Does the thought of taking your child with autism to the movies make you nervous? Or maybe it doesn’t even cross your mind because you plan on holding off until your child is much older? In this post, I will offer several reasons why you should start sooner rather than later and some tips to help you when you do.
My kids love all the animated kids’ movies and we started taking them to the movie theater when my son was about 6 years old. We weren’t sure how my son would do because at this point in our lives, my son was very active and had a lot of echolalia. He rarely sat still for extended periods of time and he had a seemingly fleeting attention span.
If your child enjoys watching movies, consider taking your child to the theatre. It is easier to start when they’re young versus when they’re older. In my experience, strangers are more forgiving when a child is young. As they get older (and bigger and louder), the expectations rise. Talk to your OT or Behavior Therapist about strategies and build a plan. Once your child has learned some coping strategies, it is easier to take them out to try new things.
AMC Theatre partnered with the Autism Society to offer sensory friendly films. AMC’s website states “We turn the lights up, and turn the sound down, so you can get up, dance, walk, shout or sing!” How awesome is that? Kudos to AMC Theatre for supporting individuals with special needs!
I know that not everyone has access to a theatre that does sensory friendly showings. Thus I have put together a list of things to consider as you plan your outing.
8 Tips for going to the movies:
1. Practice going to the movies at home by turning out the lights and watching a movie with the volume turned up higher than normal.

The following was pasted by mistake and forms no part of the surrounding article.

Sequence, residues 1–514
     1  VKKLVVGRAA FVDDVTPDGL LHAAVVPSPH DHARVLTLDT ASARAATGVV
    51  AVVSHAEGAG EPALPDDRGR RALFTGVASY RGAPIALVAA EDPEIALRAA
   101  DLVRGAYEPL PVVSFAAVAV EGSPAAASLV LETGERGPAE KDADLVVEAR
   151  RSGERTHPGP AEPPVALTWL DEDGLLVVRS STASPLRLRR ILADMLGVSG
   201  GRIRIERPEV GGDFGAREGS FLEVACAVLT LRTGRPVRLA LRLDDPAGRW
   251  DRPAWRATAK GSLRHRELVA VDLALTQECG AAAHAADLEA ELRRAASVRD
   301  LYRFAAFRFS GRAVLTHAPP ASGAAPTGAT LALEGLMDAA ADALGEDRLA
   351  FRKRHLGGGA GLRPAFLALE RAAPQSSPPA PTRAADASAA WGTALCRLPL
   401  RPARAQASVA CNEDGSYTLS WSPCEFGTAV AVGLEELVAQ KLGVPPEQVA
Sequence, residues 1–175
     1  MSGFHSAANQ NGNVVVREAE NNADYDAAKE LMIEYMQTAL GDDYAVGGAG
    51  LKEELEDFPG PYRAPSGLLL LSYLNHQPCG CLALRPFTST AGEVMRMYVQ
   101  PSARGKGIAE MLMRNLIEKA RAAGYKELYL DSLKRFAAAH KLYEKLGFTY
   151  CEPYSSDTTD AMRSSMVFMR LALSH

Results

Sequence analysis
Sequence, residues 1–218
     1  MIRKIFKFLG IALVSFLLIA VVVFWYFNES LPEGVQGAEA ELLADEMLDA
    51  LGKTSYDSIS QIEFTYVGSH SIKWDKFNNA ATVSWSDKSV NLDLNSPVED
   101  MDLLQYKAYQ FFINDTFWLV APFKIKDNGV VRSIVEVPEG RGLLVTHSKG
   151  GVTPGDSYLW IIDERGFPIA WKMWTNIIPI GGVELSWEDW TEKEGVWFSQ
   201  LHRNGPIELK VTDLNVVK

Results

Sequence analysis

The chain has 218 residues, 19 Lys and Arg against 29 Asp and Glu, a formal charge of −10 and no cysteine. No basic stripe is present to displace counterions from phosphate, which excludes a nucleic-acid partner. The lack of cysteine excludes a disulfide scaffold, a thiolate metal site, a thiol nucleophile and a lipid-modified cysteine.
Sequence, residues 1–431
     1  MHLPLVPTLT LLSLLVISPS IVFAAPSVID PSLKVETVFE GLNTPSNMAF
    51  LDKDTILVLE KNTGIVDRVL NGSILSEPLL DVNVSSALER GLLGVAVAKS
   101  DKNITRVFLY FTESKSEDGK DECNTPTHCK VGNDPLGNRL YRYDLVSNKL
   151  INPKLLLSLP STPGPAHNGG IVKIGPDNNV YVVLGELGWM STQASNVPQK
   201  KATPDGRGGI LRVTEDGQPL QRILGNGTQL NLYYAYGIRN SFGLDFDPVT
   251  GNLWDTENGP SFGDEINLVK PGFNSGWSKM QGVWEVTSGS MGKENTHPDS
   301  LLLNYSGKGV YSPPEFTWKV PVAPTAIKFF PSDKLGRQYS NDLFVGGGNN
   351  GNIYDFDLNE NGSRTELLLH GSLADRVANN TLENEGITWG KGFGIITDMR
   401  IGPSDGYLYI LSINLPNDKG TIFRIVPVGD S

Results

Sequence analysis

2. Read your child a simple social story on going to the movies. This would show your child a clear example of what we do when we go to the movies; we watch the movie quietly and we sit in our seat.
3. Select a film that has been out for awhile. You don’t want to go to the first week run of a new kids movie, wait until the movie has been out for awhile and lost some of the hype.
4. Choose a small uncrowded theatre instead of a big bustling one. You will have less lines to stand in and can choose a seat with more distance between you and fellow movie goers.
5. Plan to go at a time that would be the least crowded such as an early matinee.
6. Bring a jacket for your child as it gets cold in the theatre. If your child enjoys wearing hoodie type jackets, bring one that has a hoodie as it can help reduce the sound for him.
7. Bring a highly preferred snack. This serves two purposes, it will reinforce your child’s positive behavior for sitting nicely during the movie and it also keeps their mouth quiet during the movie. This works for typical children too!
8. Plan for success but go in with minimal expectations. Your child may only last five minutes the first time you go to the movies, it’s okay as there is a starting point for everything.
Some theaters will give you your money back if you need to leave and the movie has barely started. Call about this ahead of time if this is important to you. Good luck – I hope you and your child have a great time at the movies!
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